However, it is those “pro-growth policies” – essentially a euphemism for higher public spending – have seen Canada go from a budget surplus to a budget deficit either side of the last election. And worryingly, while spending has been rising, tax revenues have been fluctuating. This is despite the fact that, generally speaking, the new Government has been raising taxes – or … Read More »
As the famous expression, usually attributed to Benjamin Franklin, goes, “in this world nothing can be said to be certain, except death and taxes.” But what about tax after death? It’s probably safe to assume that in Franklin’s world, death was a blessed relief from tax. However, as it turns out, sometimes the two are not mutually exclusive, at least in the eyes of some tax authorities. In Canada for example, death is no excuse for not filing your tax return, according to the Canada Revenue Agency. Not that you are expected to submit a return from beyond the grave. That would just be silly. No, under Canadian rules this unfortunate task falls to the legal representative of the deceased, as it no doubt does in most jurisdictions.
I suppose by the strict letter of the law, if you shuffle … Read More »
Newly elected Canadian Prime Minister, Justin Trudeau has been bedazzling world leaders recently with his good looks and youthful bonhomie. But will the Liberals work similar magic on the Canadian economy with their fiscal plans? I fear not. To its credit, the new Government is delivering on its central tax pledge, to cut income tax for those in the middle and hike tax for those at the top. But one recent study suggests that far from raising extra revenue — money intended to subsidize the middle class tax cut — the plan to shift the tax burden to top earners could actually cost federal and provincial governments. The C D Howe Institute’s Alexandre Laurin, the author of the report, said: “The Liberal election platform said that these changes would be more or less revenue neutral, however we estimate the federal … Read More »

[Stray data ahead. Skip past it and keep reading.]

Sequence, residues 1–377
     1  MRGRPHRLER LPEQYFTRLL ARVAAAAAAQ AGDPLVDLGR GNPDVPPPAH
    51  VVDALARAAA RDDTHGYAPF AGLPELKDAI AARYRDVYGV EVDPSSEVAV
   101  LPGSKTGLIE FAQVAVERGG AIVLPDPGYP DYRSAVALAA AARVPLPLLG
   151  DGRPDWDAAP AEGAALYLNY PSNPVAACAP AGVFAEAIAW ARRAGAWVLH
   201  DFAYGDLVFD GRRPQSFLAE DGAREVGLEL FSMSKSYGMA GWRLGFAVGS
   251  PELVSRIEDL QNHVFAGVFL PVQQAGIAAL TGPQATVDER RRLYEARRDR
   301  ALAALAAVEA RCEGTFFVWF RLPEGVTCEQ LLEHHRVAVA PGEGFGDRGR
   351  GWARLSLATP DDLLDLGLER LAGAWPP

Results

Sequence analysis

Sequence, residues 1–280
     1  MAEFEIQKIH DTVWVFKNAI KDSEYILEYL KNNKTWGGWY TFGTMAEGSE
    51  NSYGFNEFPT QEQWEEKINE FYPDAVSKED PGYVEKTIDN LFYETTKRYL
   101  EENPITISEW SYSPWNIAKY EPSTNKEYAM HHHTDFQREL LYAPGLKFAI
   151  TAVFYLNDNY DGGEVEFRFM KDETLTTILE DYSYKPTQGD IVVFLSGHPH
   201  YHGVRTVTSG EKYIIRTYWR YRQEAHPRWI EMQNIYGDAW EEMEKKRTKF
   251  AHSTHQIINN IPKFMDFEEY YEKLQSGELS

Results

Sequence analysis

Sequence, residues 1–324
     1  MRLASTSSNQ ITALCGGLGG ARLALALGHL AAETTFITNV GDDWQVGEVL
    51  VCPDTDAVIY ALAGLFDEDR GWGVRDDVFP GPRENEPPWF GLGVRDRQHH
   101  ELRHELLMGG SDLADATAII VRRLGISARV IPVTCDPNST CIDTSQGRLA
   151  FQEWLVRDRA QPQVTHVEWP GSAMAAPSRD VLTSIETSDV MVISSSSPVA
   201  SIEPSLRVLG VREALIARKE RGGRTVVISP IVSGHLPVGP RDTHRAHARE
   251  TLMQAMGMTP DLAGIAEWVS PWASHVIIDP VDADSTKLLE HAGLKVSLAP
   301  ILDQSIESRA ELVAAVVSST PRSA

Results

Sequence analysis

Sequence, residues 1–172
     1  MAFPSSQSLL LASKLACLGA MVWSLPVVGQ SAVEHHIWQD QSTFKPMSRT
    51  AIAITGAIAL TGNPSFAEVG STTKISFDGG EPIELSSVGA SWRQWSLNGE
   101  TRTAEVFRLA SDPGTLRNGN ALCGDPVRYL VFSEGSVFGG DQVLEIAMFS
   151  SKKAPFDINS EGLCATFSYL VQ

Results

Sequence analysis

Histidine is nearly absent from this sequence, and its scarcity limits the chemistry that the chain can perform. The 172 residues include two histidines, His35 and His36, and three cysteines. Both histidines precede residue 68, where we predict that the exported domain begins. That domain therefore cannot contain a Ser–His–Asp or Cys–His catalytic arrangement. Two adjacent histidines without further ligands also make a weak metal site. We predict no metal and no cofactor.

Another day, another tax cut pledge from one of Canada’s major political parties. There must be a general election round the corner! And indeed there is, on October 19, when voters go to the polls to elect members to the House of Commons. This time it was Prime Minister Stephen Harper’s turn, with the Conservative Government promising a substantial cut in Canada’s payroll tax if re-elected. This followed hot on the heels of Harper’s proposal to extend and expand the Mineral Exploration Tax Credit which is designed to encourage investment in Canada’s vital natural resources industry. In fact, the Prime Minister has been quite busy thinking up ways to tempt the electorate to voting for him again. In the past month or so, he has promised to: increase the scope of a tax break helping first-time buyers onto the property … Read More »
It has been well documented how Canada was the only one of the major industrialized countries which didn’t suffer a banking crisis. In fact, the British were so impressed at the way things were run there that they head-hunted Canada’s top central banker, Mark Carney, and put him in charge of the Bank of England. While the recession which followed the financial crisis didn’t leave Canada unblemished, and much was spent in stimulating the economy, requiring the federal Government to run a deficit, Canada still managed to cut its corporate tax to the lowest level in the G8. Now it expects to achieve a balanced budget in 2015/16, having recorded a budget surplus in November 2014. There is one worry for the Government though: oil. Canada is a major producer of oil and natural gas, and like any other nation, … Read More »